PTSD Dissociation is a necessity that is born out of survival. Dissociation is put in place to protect the still functioning parts of yourself when you go through trauma.
Depression, for example, is one of the leading mental illnesses of our times, although only 10% of those affected actively seek help. I would say in most cases, depression is directly linked to PTSD Dissociation.
Dissociation is put in place to protect the still functioning parts of yourself when you go through trauma.
PTSD has been around for eons. It is not something new; however, there still seems to be a taboo, denial or sense that it is unacceptable around it. Both on the individual and the collective level. Admitting that you need help—on an emotional and mental level—is a big step to make. Making that first step and setting the intention to heal is the catalyst to the whole process of finding a sense of peace once more in oneself.
So why then is it so difficult to do?
PTSD Dissociation and Your Identity
When you go through PTSD you disconnect with a part of yourself. You give up a sense of integrity in order to survive in order to deal with the overwhelming surge that floods your body and mind. To be overwhelmed by an incidental or developmental trauma is to lose a sense of control and to be in a state of helpless vulnerability. That is the first step in disconnecting from your integral self. The emotions that follow as attempts to deal with this overwhelming force are anger, fear, sadness, grief, guilt, and shame, blame, self-reproach, and quite often a mixture of these.
PTSD disconnects you from having an integrated sense of self. It is the splitting of your identity, also called dissociation. On a corresponding physical and energetic level it is referred to as a trauma vortex in Somatic Experiencing and an energy cyst in Somato Emotional Release.
When a state of disconnection and PTSD dissociation persists, the disconnected state becomes an identity unto itself and thereby becomes very difficult to move out of and away from. The fear of reconnecting-- by working through the dissociation of PTSD and addressing the overwhelming helplessness-- also means dying of one's "trauma- identity." You tend to prefer staying with the familiarity of the known-- even if it is painful and destructive-- than face the unknown and potential healing.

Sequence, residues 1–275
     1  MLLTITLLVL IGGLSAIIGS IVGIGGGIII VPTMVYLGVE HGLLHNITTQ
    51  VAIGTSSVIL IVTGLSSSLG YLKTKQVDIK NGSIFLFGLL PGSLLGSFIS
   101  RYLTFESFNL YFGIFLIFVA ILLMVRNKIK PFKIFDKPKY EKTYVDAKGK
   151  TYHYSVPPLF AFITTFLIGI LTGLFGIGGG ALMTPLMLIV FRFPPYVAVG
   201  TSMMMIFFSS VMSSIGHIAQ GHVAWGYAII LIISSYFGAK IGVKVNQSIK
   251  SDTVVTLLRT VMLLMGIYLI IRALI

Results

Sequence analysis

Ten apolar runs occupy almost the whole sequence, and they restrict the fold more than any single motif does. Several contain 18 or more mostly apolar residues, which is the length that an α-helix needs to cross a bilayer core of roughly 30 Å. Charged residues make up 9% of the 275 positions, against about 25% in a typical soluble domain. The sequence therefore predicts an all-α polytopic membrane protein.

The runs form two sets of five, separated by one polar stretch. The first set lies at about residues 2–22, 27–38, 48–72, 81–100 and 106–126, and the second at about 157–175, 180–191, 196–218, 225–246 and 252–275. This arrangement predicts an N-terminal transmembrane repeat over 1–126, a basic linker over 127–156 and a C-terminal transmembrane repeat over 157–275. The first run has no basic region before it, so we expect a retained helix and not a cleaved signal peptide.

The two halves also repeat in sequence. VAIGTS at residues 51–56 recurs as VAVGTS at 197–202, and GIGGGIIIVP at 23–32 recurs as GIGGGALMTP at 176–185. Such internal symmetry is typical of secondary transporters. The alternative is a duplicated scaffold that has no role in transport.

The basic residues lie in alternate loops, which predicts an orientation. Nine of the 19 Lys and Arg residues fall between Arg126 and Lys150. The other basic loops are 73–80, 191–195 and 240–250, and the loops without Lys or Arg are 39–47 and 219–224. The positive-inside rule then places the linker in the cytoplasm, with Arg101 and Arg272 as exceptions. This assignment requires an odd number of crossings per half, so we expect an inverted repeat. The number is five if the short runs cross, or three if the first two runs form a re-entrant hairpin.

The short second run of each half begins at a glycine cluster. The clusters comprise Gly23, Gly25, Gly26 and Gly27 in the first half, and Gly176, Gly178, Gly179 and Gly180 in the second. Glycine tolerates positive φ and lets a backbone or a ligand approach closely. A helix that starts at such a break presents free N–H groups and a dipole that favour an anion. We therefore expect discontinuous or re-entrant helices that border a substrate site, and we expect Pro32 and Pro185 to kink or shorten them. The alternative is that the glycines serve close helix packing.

Let me put forward an example by which to clarify this:
Dissociation in PTSD in Action
Carry's parents split up when she was just two years old and she has, since then, lived with her mother. As her parents were not on good terms she hardly saw her dad who, by then, also happened to have moved far away. In her current life as an adult, she has had trouble maintaining steady personal relationships. She falls very easily in love and is prone to get attached. The loving and attachment come with a fair amount of possessiveness and jealousy out of a fear of losing that person, which is what tends to happen in the end. Carry is convinced that finding the perfect partner will solve her problems and sees most men as being uncommitted.
This is a classic example of Dissociation in PTSD regarding a developmental issue. Carry's initial trauma of abandonment and loss fuels emotions of fear and attachment. In her attempt to fill up the gap formed by the trauma, she projects it outwardly in trying to find the perfect partner. However, the dynamics of the relationship are still based on a past traumatic tragedy, which sets her up for a reenactment of her initial trauma on an emotional level. Blaming men for being unreliable keeps her "trauma-identity" alive.
How does PTSD Dissociation show up for you? Leave your comments below.